CS 171 & 171L Introduction to Computer Science I & Lab Fall 2017 

Lab 7: Quadratics

In this lab, you will create a class that allows one to use quadratic functions. You should start off with s1 driving and s2 navigating.

1. Introductions

Introduce yourself to your lab partner. Tell your lab partner about your plans for fall break.

Quadratic functions

In this lab you will familiarize yourself with the java representation of objects by working with a class which supports quadratic functions.

Complete the methods in Quadratic.java, as shown below. After you complete each method, demonstrate it to your instructor. Change the driver/navigator roles after each method. You will also need the Complex class from last week and the Line.java and Point2D.java files from the W: drive; copy these to your H: drive and make sure they are all in the same folder.

public class Quadratic {
  // three double instance variables representing a, b, and c.
  double a, b, c;
  
  // Constructor that takes three double parameters representing a, b, and c.
  public Quadratic(double a$, double b$, double c$) {
  }
  
  
  // Constructor that copies a Quadratic
  public Quadratic(Quadratic q) {
  }
  
  
  
  // printable form of this quadratic
  public String toString() {
    return "0 x^2 + 0 x + 0";
  }
  
  
  // returns a double representing quadratic function evaluated at x.
  public double f(double x) {
    return 0.0;
  }
  
  
  // returns the discriminant of this quadratic: (b^2 - 4 a c)
  public double discriminant() {
    return 0.0;
  }
  
  
  // returns a boolean that is true if the graph of the quadratic opens up
  public boolean concaveUp() {
    return false;
  }
  
  
  // returns a boolean that is true if the graph of the quadratic opens down
  public boolean concaveDown() {
    return false;
  }
  
  
  // returns an int that represents the number of real roots of this quadratic
  // 0 - both roots are complex when the discriminant is negative
  // 1 - both roots are equal and real when the discriminant is zero
  // 2 - both roots are real an distinct when the discriminant is positive
  public int realRootCount() {
    return 0;
  }
  
  
  // returns a Complex value that represents the first root of the polynomial
  // Hint: Use the discriminant and realRootCount functions
  public Complex root1() {
    return new Complex(0.0D, 0.0D);
  }
  
  
  // returns a Complex value that represents the first root of the polynomial
  // Hint: Use the discriminant and realRootCount functions
  public Complex root2() {
    return new Complex(0.0D, 0.0D);
  }
  
  
  // returns a Point2D representing the vetex of the parabola
  // Recall that the vertex of the parablola is given by (-b/(2a), f(-b/(2a)))
  public Point2D vertex() {
    return new Point2D(0.0, 0.0);
  }
  
  
  // returns a double that is the insantaneous slope of this Quadratic at x: 2 a x + b
  public double slope(double x) {
    return 0.0;
  }
  
  
  // returns a line that represents the derivative of this Quadratic at x
  // 2 a x + b is the slope
  // (x, f(x)) is a point on the line
  // Use point-slope equation to determine the y intercept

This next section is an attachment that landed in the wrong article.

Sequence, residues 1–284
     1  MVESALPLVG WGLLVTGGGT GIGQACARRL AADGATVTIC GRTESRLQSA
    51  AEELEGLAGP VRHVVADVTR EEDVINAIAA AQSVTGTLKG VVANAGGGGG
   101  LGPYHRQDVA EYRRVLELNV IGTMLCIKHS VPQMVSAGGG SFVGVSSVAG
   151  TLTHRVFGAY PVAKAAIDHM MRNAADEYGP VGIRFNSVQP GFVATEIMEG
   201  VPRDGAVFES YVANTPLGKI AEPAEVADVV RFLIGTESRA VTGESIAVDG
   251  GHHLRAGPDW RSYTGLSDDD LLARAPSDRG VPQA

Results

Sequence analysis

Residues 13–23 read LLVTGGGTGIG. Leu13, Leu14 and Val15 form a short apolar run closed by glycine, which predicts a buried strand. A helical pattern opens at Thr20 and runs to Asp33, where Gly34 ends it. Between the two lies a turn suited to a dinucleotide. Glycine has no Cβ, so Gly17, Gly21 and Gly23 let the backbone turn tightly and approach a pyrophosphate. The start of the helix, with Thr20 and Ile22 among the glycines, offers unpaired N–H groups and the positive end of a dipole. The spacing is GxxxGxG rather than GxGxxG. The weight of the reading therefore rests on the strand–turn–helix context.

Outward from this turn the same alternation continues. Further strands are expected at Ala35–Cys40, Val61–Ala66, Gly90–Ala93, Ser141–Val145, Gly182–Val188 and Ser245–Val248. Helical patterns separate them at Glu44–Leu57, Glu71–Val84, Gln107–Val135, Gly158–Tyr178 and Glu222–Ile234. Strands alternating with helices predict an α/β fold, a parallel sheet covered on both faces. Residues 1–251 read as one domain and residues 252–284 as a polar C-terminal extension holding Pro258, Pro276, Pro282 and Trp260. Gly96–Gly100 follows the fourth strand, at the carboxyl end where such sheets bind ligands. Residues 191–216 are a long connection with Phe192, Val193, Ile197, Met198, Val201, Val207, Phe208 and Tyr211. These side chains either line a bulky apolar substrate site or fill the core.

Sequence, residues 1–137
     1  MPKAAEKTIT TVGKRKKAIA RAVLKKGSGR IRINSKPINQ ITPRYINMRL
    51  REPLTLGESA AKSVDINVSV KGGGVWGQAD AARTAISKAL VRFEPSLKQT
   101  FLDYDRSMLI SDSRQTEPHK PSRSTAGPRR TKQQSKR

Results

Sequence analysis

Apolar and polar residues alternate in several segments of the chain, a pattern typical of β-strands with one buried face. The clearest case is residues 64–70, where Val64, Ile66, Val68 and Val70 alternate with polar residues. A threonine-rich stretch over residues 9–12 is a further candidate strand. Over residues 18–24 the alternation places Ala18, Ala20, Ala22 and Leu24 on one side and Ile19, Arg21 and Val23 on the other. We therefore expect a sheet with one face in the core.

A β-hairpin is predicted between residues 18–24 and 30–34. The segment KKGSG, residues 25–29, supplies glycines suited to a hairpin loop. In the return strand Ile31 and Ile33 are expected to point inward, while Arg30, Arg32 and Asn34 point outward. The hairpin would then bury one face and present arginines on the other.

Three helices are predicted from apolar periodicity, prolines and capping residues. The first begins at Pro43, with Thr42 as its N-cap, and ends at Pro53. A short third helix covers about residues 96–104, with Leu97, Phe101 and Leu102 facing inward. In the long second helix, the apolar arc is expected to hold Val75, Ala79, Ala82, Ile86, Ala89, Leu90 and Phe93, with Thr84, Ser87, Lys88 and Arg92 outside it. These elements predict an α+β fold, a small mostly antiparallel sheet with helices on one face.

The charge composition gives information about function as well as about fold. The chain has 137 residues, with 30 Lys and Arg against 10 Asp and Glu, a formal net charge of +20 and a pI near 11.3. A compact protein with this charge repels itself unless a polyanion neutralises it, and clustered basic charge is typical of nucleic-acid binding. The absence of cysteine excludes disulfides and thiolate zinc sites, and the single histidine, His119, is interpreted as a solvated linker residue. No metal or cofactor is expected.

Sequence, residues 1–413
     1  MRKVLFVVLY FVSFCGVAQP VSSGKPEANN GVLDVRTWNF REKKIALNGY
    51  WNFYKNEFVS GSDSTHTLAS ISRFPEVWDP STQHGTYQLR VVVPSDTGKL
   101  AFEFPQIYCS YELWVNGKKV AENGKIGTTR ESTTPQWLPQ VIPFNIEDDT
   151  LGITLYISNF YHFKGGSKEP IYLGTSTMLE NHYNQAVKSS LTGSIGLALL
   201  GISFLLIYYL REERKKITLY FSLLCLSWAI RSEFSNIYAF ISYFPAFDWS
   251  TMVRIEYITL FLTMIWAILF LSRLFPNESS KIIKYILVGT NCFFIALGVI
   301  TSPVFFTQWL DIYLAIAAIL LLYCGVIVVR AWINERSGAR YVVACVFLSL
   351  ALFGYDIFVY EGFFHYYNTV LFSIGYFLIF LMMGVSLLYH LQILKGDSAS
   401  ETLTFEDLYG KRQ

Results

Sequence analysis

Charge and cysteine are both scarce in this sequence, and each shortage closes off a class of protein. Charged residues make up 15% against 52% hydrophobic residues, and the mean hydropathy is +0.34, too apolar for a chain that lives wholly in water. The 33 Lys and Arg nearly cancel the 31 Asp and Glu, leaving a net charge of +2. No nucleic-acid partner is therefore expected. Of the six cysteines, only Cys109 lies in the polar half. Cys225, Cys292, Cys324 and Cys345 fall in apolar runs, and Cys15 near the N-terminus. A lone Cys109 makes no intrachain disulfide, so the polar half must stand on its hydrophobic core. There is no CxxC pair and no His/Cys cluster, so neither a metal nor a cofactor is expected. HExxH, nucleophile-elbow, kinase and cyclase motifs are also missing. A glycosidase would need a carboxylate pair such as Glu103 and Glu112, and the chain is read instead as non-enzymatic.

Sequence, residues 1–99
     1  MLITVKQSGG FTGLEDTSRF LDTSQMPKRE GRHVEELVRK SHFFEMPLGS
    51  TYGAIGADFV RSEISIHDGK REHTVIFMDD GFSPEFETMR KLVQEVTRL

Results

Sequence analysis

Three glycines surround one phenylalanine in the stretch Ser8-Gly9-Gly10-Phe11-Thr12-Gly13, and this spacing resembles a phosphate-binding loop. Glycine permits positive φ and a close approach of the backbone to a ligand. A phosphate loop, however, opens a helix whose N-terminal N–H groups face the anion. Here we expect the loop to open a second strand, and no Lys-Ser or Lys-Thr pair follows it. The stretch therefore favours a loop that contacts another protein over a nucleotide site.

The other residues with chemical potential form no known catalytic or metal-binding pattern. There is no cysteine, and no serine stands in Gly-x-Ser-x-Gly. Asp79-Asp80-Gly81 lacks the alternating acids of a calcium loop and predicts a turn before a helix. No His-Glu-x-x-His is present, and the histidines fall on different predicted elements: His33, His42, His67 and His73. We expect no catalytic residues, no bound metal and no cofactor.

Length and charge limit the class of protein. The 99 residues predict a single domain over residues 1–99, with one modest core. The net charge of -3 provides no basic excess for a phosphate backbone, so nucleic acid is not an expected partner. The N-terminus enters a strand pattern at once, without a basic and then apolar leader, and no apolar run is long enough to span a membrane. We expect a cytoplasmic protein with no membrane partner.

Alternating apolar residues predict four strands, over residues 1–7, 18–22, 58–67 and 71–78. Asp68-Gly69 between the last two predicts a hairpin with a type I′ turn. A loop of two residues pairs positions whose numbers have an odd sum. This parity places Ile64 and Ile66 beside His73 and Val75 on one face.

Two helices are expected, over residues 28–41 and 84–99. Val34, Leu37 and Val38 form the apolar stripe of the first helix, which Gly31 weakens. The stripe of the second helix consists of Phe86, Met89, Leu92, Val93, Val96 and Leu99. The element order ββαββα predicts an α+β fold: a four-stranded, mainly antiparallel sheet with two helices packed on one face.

public Line derivative(double x) {
    return new Line(0.0, 0.0);
  }
  
  
  // integral-ish helper method
  // Define F(x) = (a/3)x^3 + (b/2)x^2 + c x 
  double F(double x) {
    return 0.0;
  }
  
  
  // returns a double representing the definite integral from x1 < x2 of this quadratic.
  // intgrate(x1,x2) returns F(x2) - F(x1). 
  public double integrate(double x1, double x2) {
    return 0.0;
  }
  
  public static void main(String args[]) {
    Quadratic q1 = new Quadratic(1, -5, 6);
    System.out.println(q1); // 1.0 x^2 + -5.0 x + 6.0 
    System.out.println(q1.concaveUp()); // true
    System.out.println(q1.concaveDown());  // false
    System.out.println(q1.f(0)); // 6
    System.out.println(q1.f(3)); // 0
    System.out.println(q1.f(2)); // 0
    System.out.println(q1.vertex());  // (2.5, -0.25)
    System.out.println(q1.f(q1.vertex().x));  // -0.25
    System.out.println(q1.slope(4));  // 3
    System.out.println(q1.integrate(0,2));  // 4.66666666
    System.out.println(q1.discriminant());  // 1.0
    System.out.println(q1.realRootCount());  // 2
    System.out.println(q1.root1());  // 3.0
    System.out.println(q1.root2());  // 2.0
    System.out.println(q1.derivative(1)); // y = -3.0 x + 5.0 
    
    System.out.println("- - - - - - - - - - - - - - - - -");
    
    Quadratic q2 = new Quadratic(-1,-2,-3);
    System.out.println(q2); // -1.0 x^2 + -2.0 x + -3.0  
    System.out.println(q2.concaveUp()); // false
    System.out.println(q2.concaveDown());  // true
    System.out.println(q2.f(0)); // -3
    System.out.println(q2.f(3)); // -18
    System.out.println(q2.f(2)); // -11
    System.out.println(q2.vertex());  // (-1,-2)
    System.out.println(q2.f(q2.vertex().x));  // -2
    System.out.println(q2.slope(4));  // -10
    System.out.println(q2.integrate(0,2));  // -12.66666666
    System.out.println(q2.discriminant());  // -8
    System.out.println(q2.root1());  // -1.0+1.4142135623730951i
    System.out.println(q2.root2());  // -1.0-1.4142135623730951i
    System.out.println(q1.realRootCount());  // 2
    System.out.println(q2.derivative(1)); // y = -4.0 x + -2.0 
  }
}

When you are finished, email your lab files to your lab partner and instructor.


Copyright © 2017, David A. Reimann. All rights reserved.